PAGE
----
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January 22, 2019

Why Uhuru will win this election

President Uhuru Kenyatta at one of the stops in Murang'a where he led Jubilee campaigns, Wednesday, June 20, 2017. /PSCU
President Uhuru Kenyatta at one of the stops in Murang'a where he led Jubilee campaigns, Wednesday, June 20, 2017. /PSCU

Acouple of days ago, a friend based in Brussels asked me for a genuine — not partisan — perspective on who will win the August 8 General Election. He has been following news about this country, especially on the polls, and he is confused about how close the election looks. He knows I support Jubilee and that I also understand the opposition. He, therefore, wanted to know who between President Uhuru Kenyatta and NASA’s Raila Odinga will win the rematch, after the 2013 duel.

Without any hesitation, I told him that the fact that the polls show a close race between President Uhuru and Raila, one month to the election, is exactly the reason why the incumbent will still win as far as I am concerned. My reasons for taking this position are actually quite simple.

First, the opposition has been campaigning against Jubilee consistently for the last four years. They have hammered at the ruling party every single day for those four years, pinned them down on every mistake they’ve made, attacked them using propaganda even where no mistake existed, condemned every project they initiated, and challenged every decision Uhuru has made as the head of state.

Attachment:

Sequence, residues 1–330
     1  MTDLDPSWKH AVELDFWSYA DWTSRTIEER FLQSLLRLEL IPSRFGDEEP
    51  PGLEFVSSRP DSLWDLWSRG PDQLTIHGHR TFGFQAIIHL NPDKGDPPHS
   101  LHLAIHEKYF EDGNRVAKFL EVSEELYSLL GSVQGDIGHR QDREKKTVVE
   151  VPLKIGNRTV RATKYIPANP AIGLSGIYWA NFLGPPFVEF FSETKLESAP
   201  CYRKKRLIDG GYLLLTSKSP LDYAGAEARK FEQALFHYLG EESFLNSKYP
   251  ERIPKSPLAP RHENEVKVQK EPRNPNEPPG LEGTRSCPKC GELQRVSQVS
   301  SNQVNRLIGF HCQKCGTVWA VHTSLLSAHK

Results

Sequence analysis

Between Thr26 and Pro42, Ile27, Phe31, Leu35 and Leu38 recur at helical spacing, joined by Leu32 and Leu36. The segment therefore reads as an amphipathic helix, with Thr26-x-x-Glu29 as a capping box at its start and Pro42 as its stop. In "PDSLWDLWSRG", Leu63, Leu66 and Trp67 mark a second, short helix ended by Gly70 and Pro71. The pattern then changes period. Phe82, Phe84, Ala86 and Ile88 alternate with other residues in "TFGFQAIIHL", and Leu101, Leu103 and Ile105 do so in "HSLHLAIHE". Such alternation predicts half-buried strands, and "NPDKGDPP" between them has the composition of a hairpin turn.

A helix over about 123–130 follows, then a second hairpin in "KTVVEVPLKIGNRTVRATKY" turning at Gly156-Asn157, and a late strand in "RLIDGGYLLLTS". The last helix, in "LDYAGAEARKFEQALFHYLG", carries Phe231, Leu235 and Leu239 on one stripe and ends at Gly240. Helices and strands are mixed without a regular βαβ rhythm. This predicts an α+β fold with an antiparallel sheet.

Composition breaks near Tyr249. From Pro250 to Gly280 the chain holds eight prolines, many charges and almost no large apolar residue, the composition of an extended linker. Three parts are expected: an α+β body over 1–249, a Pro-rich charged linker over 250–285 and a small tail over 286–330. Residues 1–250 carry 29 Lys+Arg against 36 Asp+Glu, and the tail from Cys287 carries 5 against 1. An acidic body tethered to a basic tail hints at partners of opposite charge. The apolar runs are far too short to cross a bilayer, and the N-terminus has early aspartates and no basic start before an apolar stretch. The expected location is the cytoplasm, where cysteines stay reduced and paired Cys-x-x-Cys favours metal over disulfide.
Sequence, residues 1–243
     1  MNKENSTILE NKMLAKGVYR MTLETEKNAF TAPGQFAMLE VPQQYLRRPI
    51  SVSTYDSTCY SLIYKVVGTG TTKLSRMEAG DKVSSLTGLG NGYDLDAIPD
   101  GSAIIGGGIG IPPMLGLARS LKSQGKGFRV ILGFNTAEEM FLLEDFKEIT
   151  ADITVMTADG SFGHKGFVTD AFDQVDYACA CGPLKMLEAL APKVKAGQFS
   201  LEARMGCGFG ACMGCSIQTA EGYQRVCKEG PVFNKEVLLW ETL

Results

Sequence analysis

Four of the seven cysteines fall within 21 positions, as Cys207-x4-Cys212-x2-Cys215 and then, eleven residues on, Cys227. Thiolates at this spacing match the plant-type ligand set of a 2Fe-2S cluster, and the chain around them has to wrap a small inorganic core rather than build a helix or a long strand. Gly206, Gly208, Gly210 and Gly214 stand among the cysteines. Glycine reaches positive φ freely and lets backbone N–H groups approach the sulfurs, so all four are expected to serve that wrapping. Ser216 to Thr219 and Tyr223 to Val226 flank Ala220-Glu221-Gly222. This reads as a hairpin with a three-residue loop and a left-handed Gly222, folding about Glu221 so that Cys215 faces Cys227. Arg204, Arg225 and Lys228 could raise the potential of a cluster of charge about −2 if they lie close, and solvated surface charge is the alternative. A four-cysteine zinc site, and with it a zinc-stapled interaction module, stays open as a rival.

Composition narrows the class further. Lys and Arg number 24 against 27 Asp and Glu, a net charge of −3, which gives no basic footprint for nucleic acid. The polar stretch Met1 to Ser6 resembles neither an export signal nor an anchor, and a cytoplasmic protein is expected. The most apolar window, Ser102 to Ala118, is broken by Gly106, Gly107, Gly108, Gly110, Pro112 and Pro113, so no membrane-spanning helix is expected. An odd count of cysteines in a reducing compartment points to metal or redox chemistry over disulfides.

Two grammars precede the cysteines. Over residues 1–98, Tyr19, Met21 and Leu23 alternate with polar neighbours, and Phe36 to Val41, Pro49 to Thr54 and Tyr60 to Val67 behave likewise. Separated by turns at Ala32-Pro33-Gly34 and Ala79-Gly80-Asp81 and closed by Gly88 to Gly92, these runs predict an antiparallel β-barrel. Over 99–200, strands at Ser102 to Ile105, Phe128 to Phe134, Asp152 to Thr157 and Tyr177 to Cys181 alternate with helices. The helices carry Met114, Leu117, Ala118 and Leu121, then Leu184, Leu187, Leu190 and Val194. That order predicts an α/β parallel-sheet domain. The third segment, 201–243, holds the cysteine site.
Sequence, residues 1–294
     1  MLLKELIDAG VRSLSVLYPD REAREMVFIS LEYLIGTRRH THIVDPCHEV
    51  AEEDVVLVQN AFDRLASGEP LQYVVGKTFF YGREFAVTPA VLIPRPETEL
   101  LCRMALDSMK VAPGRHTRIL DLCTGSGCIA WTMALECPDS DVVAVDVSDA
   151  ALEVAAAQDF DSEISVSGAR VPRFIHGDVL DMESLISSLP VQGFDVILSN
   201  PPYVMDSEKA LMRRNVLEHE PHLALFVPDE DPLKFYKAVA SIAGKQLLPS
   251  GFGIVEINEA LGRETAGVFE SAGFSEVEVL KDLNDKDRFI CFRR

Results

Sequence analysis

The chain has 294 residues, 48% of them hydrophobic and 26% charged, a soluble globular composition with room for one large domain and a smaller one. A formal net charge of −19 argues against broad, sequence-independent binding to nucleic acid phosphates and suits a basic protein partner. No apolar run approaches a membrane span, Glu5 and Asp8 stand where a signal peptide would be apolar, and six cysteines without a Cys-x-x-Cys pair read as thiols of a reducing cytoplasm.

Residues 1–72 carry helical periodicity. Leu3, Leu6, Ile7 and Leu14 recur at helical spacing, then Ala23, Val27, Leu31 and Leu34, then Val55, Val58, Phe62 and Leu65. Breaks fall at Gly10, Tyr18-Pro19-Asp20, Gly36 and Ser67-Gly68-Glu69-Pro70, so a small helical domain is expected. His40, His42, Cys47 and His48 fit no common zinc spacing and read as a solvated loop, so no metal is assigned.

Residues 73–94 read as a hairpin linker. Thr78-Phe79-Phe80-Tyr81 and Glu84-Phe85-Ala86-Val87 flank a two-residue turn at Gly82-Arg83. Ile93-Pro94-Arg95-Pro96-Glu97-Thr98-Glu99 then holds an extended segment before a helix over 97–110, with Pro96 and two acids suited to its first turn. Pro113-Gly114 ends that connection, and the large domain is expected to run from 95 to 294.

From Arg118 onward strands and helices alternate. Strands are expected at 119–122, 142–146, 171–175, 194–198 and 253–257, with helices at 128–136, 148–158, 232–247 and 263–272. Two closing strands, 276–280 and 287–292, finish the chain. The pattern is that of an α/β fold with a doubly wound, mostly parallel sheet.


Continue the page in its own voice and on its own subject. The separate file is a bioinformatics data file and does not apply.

Second, the media has run ‘exposé’ after ‘exposé’ on Jubilee in the past three years. The reason I put the exposé in brackets is because a lot of the time the stories run by the print and, especially, TV stations have been mere allegations, usually made by the opposition. Then the media presents the allegations to the public as facts. The media has been so notorious at this that, at some point, the sector appeared to be the communications arm of the opposition!

Then we have our civil society. Kenya has a very robust civil society – especially those involved in governance. However, literally all these institutions were against Jubilee in 2013 and some of them even petitioned against Uhuru’s win. Since then, they have never even tried to pretend that they have anything but distrust for the Jubilee administration. They have, therefore, done everything in their power to prove or paint Jubilee as illegitimately in office.

For example, they used the ICC cases to viciously fight Jubilee. Once the cases were dropped, they have been subtly latching on every allegation against the government to pressure local and international institutions against Jubilee’s interests. Finally, as the election draw nearer, some of them have literally stepped into the political space to officially help the opposition against Jubilee.

Jubilee has been under fire since they got into office. They have been massacred on issues relating to corruption until Uhuru had to fire a third of his Cabinet. They have been [very unfairly] attacked on tribalism as the opposition wrongly tried to portray them as a government of only two tribes. They have been presented as incompetent due to issues outside their control, especially drought and oil prices, which have forced the cost of living to rise and negatively affected the lives of Kenyans. Added to these are direct personal attacks against Uhuru and William Ruto that have tried very hard to present them as completely unsuited to run Kenya. It is quite possible that there has never been a government – or a presidency – under such duress in Africa. But despite all these challenges, Uhuru is still leading Raila by a few points in the polls!

In fact, Uhuru is doing better than in 2013 – now without the ICC cases, and as an incumbent. He is also no longer running against people who are senior officials in the government. Finally, as we saw in 2013, UhuRuto are terrific at finishing strong; while Raila and his team are quite terrible at it. Uhuru can only get better, while Raila can only get worse.









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